Vincent Price could well go down in the annals of film history as one of the industries most misunderstood actors. Though primarily remembered for his contributions to horror, such films were responsible for less than a third of a prodigious output spanning almost sixty years.
It was the said horror roles however, which only started for earnest in the latter part of his career, that often gave Price the best opportunity to display the facets of his personality which, had his career taken a different path, would have suited him perfectly for classical roles, rather than what he would probably have been the first to admit was much of the time schlock, but for which he is so affectionately remembered. These often overlooked skills came to the fore in a quartet of films the actor made during the early 1970’s, all of which, in their own way, captured perfectly the Shakespearian nuances which often bubbled just beneath the surface of many of his best remembered screen appearances.
Though it was not the first time he had worked in London, the four films Price made there in consecutive years between 1971 and 1973, stand out as milestones amongst his later work. The Abominable Dr Phibes (1971), Dr Phibes Rises Again (1972), Theatre of Blood (1973) and Madhouse (released in 1974, though actually filmed the previous year) captured the wonderful sense of anarchistic fun and obvious relish he took in his chosen art form.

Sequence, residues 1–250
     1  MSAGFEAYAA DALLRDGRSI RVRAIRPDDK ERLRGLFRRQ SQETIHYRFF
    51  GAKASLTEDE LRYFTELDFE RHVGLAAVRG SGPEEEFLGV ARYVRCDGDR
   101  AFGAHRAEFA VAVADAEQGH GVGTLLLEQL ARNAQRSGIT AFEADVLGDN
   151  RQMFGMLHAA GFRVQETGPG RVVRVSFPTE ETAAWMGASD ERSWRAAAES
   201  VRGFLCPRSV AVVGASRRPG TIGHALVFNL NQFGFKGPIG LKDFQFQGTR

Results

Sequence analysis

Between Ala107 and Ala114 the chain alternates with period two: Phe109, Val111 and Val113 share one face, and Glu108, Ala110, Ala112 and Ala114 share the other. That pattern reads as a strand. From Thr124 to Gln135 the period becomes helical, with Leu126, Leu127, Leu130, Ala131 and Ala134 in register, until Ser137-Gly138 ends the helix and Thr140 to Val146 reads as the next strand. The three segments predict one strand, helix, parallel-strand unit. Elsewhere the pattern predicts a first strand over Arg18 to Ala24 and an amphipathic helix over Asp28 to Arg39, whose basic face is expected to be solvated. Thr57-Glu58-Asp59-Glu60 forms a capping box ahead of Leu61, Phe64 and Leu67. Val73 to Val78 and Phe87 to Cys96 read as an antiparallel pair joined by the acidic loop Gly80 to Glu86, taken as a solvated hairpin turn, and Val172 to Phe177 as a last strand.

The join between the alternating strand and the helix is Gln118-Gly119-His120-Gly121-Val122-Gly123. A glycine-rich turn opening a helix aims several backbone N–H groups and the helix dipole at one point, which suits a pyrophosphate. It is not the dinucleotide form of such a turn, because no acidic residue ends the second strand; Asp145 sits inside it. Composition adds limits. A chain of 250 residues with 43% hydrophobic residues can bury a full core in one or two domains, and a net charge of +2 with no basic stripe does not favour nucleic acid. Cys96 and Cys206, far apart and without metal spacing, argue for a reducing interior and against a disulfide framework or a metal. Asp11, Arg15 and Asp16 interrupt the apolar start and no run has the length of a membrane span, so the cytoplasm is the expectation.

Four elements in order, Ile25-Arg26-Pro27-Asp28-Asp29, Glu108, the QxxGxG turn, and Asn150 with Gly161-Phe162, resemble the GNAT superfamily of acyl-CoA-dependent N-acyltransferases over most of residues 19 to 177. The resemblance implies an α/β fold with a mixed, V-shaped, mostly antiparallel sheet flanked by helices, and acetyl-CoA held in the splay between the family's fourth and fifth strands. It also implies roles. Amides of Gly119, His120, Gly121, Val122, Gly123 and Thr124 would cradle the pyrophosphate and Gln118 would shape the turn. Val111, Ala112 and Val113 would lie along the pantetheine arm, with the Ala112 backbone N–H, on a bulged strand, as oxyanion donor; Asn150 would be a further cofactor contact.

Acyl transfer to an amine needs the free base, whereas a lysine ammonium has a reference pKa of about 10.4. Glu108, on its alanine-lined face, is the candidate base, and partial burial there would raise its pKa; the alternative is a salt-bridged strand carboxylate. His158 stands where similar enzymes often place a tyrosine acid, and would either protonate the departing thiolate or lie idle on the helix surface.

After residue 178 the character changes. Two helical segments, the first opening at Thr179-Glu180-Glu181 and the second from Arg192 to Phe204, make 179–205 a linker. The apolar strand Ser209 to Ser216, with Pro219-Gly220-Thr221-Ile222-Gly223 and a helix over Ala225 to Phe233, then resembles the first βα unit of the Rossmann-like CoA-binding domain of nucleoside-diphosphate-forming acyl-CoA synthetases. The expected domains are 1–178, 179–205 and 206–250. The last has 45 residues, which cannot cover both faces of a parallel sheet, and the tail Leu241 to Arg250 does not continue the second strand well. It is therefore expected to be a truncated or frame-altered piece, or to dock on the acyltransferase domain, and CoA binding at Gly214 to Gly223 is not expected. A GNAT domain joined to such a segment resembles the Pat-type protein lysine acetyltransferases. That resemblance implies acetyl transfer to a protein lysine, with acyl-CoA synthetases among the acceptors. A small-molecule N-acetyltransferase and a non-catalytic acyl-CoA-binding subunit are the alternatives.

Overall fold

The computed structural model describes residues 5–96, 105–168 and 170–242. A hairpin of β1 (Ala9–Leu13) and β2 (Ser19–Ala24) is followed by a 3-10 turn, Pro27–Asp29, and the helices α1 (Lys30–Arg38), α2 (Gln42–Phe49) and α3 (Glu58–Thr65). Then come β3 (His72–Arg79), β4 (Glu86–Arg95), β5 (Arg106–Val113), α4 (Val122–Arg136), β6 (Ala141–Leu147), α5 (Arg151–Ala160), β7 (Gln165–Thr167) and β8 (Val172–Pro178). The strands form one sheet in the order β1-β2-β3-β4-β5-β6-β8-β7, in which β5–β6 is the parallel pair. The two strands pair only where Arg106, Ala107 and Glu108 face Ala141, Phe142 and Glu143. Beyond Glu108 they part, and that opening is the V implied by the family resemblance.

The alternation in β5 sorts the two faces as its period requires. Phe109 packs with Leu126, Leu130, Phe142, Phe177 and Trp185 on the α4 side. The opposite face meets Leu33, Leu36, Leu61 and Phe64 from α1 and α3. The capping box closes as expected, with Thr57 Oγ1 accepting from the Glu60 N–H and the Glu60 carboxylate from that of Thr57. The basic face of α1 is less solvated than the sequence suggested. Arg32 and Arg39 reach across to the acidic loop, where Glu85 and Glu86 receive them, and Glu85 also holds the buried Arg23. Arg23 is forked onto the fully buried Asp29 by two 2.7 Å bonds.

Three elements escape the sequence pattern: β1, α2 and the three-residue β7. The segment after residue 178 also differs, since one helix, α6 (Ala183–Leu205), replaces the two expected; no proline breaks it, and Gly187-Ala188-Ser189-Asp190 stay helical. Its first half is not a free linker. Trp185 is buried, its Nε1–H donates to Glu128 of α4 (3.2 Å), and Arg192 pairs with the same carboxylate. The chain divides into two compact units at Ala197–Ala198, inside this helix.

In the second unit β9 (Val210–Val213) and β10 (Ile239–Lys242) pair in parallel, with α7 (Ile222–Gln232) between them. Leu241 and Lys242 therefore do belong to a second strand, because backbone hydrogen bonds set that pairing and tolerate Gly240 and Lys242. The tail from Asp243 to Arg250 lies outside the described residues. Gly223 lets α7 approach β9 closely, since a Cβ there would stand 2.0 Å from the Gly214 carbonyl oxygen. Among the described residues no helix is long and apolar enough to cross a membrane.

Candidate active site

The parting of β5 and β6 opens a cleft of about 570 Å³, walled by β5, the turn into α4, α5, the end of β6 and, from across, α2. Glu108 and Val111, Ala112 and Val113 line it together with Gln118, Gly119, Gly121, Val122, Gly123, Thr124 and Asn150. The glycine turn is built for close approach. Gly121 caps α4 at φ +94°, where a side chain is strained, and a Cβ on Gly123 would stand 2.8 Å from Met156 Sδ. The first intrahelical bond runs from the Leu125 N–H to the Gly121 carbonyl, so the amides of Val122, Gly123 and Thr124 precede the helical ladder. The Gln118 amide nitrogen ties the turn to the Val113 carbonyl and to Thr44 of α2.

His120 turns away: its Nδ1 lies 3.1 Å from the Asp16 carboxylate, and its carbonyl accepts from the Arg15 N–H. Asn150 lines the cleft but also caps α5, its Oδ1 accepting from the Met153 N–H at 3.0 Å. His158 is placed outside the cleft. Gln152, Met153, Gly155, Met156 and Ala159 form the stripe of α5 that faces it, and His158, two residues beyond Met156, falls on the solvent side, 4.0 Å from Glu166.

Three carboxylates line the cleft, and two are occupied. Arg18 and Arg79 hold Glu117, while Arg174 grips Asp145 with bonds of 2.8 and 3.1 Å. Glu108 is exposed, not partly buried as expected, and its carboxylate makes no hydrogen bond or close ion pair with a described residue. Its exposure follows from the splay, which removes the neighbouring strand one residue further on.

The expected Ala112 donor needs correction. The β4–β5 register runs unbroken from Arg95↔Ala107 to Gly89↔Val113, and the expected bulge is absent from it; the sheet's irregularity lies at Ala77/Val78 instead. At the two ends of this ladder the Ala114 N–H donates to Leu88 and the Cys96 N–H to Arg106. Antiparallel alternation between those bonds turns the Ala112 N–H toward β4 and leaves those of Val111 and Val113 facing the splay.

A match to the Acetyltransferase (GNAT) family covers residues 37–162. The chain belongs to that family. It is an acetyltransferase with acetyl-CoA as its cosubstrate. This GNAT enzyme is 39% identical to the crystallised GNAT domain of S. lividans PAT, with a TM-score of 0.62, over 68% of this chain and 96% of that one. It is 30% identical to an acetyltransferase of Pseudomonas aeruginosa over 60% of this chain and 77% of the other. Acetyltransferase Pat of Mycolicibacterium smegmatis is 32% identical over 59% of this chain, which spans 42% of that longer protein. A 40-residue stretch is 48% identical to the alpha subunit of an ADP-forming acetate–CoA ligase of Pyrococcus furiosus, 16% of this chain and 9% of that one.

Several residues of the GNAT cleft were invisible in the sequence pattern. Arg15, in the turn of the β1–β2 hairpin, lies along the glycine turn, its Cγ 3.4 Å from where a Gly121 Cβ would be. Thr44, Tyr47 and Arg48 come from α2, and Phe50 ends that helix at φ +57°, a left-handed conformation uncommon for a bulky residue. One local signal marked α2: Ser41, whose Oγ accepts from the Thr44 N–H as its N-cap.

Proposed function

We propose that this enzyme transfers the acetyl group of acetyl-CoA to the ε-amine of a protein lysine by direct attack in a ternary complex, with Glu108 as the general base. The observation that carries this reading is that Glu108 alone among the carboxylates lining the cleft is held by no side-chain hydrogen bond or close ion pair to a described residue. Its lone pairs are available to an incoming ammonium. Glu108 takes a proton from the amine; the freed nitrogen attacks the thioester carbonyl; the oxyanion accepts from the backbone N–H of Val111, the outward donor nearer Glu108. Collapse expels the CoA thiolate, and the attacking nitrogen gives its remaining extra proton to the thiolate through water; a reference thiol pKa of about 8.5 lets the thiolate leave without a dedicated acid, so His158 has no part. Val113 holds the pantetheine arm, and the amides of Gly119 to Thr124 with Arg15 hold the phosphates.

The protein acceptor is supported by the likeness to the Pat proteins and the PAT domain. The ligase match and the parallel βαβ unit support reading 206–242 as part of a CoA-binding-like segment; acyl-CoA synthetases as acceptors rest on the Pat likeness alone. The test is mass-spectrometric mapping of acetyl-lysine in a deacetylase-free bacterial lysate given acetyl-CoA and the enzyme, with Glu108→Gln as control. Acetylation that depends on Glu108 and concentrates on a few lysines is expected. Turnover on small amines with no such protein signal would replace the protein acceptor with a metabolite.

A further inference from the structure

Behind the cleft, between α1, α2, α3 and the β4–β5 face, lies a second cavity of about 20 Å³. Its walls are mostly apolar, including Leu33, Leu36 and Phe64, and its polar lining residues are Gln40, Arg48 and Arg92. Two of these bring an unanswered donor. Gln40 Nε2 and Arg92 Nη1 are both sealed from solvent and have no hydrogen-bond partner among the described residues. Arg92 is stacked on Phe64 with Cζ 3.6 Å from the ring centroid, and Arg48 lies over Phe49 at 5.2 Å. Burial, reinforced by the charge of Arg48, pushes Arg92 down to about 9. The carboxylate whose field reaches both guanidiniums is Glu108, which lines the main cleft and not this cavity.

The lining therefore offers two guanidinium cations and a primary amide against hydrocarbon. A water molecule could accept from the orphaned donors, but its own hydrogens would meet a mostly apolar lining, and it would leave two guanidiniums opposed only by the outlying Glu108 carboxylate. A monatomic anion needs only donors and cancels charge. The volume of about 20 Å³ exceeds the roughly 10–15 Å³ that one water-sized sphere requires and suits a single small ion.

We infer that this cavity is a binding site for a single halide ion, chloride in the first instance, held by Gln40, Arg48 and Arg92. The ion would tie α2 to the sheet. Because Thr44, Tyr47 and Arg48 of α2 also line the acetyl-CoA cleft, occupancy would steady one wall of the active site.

The ‘Phibes’ films were produced by the international arm of AIP (American International Pictures), who had been responsible for a rash of psychedelic movies during the late 1950’s and 1960’s aimed primarily at teenagers, including films such as Dr Goldfoot and the Bikini Machine (1965), and the famous series based on the stories of Edgar Allan Poe and directed by Roger Corman. When compared, these earlier AIP films have many similarities with the ‘Phibes’ titles and later Madhouse – small budgets, stark colours and of course the presence of Price himself.
The films (at least five possible sequels were planned after the success of The Abominable Dr Phibes, including Dr Phibes in the Holy Land, The Brides of Phibes, Phibes Resurrects and The Seven Fates of Dr Phibes, though in the end only Dr Phibes Rises Again ever made it past the idea stage), worked for several reasons. Set in the 1920’s, they capture perfectly the decadent and frivolous nature of the decade, whilst the often garish and bizarre qualities of Art Deco, perfectly reflect the traumatised and misunderstood man beneath the artificial facade. The role of Phibes allowed Price’s own personality free range – from deep introspection as he mourns his beloved wife Victoria Regina Phibes (played by Caroline Munro, though she was uncredited in the finished productions), to the extravert outward flourishes with which he despatches each of the poor unfortunates he blames for his said wife’s death.
As mentioned, a number of sequels were rumoured after the success of The Abominable Dr Phibes. However for various reasons they never got made, and that which did, Dr Phibes Rises Again, though as inventive and fun in many places as the first was not as resounding a success. As so often the case the sequel was rushed into production on the back of the success of the first and unfortunately it showed.